The intrinsic nature of life answers the Fermi Paradox 

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The universe is vast, and many have wondered if its vastness implies that there must be life somewhere else out there. A question posed for thousands of years, this thought process is known as the Fermi Paradox. Photo by Philippe Donn via Pexels.

Are we alone in the universe? With the billions of habitable planets that exist in the cosmos, how is it that we’ve not yet seen the evidence of life beyond that of Earth? This question, also known as the Fermi Paradox, has likely been posed since the dawn of mankind, as we’ve looked to the skies in awe about what other lifeforms might exist beyond the ones confined to our own terrestrial rock – intelligent or otherwise. Much time has passed since the question was asked for the first time, yet the cognitive and technological advancements that we’ve made since then have done precious little to illuminate the answer. Perhaps instead of peering through the vast depths of space in pursuit of a solution, we might want to look down for a change, and use the only data point that we have on life in the universe to our advantage — here on Earth. 

Every lifeform, whether a single-celled prokaryote or a multicellular macroscopic organism, is in some way or another a participant in a localized competition for resources. The reproductive nature of life requires a given environment to contain a relative abundance of materials for all its inhabitants, ensuring the multiplication of its populations and the survival of future generations. The greatest obstacles for an organism to achieve such goals are other living things that share the same objective. If inferior species are unable to contend with this harsh reality, they go extinct. This cruel nature of Darwinism and the survival of the fittest phenomenon transcends throughout all life on Earth. 

As apex predators that have spread to every corner of the planet, one might argue that this universal attribute to life does not apply to humans. Yet in our current social structure, amidst a rapidly changing climate, we see just how evident the competition for resources has on the survival of billions of humans and animals alike. Today, most other animals are so utterly at our mercy that we wipe out hundreds of species a day just as an unintentional byproduct of how we like to run things. Not applying the same competitive outlook to life on a galactic scale might just be our own undoing. 

Considering the unsustainable way humans have been living, it is possible that other civilizations have existed only on other planets only to fall to the same issues humanity struggles with. Additionally, hypothetical extraterrestrial civilizations might not want to draw attention to themselves if they resource access is competitive. Photo by Felix Mittermeier via Pexels.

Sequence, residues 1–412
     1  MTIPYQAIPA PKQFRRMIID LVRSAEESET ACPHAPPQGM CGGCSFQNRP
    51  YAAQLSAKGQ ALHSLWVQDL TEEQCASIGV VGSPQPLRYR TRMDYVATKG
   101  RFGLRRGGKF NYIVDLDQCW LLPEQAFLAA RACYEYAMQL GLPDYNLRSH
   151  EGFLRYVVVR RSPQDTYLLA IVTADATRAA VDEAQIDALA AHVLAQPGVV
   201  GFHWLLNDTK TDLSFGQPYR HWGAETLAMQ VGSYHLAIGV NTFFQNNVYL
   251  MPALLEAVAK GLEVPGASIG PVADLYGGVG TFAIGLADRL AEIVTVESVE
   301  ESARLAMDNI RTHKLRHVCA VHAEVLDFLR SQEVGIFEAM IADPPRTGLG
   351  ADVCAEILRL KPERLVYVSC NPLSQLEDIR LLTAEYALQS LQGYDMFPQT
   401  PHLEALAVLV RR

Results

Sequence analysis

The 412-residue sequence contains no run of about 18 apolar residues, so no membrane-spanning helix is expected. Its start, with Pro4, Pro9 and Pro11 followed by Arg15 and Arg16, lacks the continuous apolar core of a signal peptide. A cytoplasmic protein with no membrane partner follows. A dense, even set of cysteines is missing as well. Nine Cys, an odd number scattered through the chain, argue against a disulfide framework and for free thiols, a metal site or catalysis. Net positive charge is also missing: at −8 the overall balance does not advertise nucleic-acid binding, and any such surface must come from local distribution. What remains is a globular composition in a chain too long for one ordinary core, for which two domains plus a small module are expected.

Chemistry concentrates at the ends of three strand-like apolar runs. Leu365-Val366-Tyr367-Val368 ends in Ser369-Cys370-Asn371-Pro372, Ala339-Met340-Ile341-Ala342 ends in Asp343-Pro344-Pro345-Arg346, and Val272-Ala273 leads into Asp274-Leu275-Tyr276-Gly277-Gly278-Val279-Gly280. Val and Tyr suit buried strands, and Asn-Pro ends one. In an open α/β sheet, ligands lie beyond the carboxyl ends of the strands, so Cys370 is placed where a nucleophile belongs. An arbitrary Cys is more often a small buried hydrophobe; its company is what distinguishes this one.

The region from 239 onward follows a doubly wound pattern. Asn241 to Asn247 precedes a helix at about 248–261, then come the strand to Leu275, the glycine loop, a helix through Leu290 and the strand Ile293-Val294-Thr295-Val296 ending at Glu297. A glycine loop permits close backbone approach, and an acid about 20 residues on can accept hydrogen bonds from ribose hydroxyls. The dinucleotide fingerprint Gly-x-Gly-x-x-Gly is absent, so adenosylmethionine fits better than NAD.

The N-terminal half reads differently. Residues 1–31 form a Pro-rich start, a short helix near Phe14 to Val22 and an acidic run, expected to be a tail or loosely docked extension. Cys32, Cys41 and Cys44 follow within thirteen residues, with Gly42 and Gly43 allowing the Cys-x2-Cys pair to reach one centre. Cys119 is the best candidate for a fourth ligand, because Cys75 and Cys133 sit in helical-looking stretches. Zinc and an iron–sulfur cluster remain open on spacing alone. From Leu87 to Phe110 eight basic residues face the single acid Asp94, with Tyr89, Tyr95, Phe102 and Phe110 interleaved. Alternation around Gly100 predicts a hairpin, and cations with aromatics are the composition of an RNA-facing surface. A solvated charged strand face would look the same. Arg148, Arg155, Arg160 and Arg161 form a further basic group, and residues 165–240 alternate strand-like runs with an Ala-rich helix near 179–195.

Given the exponential energy growth required to evolve as a more advanced civilization, our reigns of influence will inevitably grow beyond that of Earth and the solar system, potentially encompassing our entire galaxy. The question remains as to how we should react when stumbling upon a civilization that may very well have had a similar destructive upbringing. 

From a pragmatic standpoint, different alien civilizations should vary from the mild and meek to the malevolent and militaristic. The existential problem we’re facing is that when we meet others between the stars, we have no way of telling who is peaceful or aggressive, and nor what their true intentions are. Similarly, they might not understand or trust our intentions even if we tell them that we’re friendly. 

Moreover, if we did discover another civilization and they discovered us, the light years between us would mean years of communication delay. Both sides would be in a state of uncertainty, wondering if the wisest move is simply attacking, to which the only contingency of survival is the first strike advantage. War between civilizations might be just about eliminating the other to remove an existential threat to yourself. These conflicts may not be lengthy affairs, but rapid winner takes all situations — where the first one to shoot wins. If every civilization is an existential threat to the other, there may be only two kinds of civilizations out there: quiet ones and dead ones. 

The universe should be perceived as a dark forest. Every civilization is an armed hunter, stalking through the trees like a ghost, gently pushing aside obstacles that block the path and treading without sound; even breathing is done with care. The hunter has to be careful, because everywhere in the forest there are stealthy hunters like him. If he finds other life—another hunter, a demon or an angel, a delicate infant or a frail old man, a fairy or a demigod—there’s only one thing he can do: place them under the crosshairs of extinction. 

What should be the ultimate takeaway for humans given the potential of the dark forest hypothesis? Pump the breaks, perhaps. For the last few decades we’ve thoughtlessly launched voyager missions and electromagnetic pulses into the void in hopes of there being a recipient, however unlikely. Perhaps our curiosities should be tempered slightly, given the possibly fatal repercussions of making that elusive first contact. For the time being, it seems the best we can do is to carefully listen. Even if we see others step into a clearing and make themselves known, we should not reply right away but carefully watch them from the undergrowth. 

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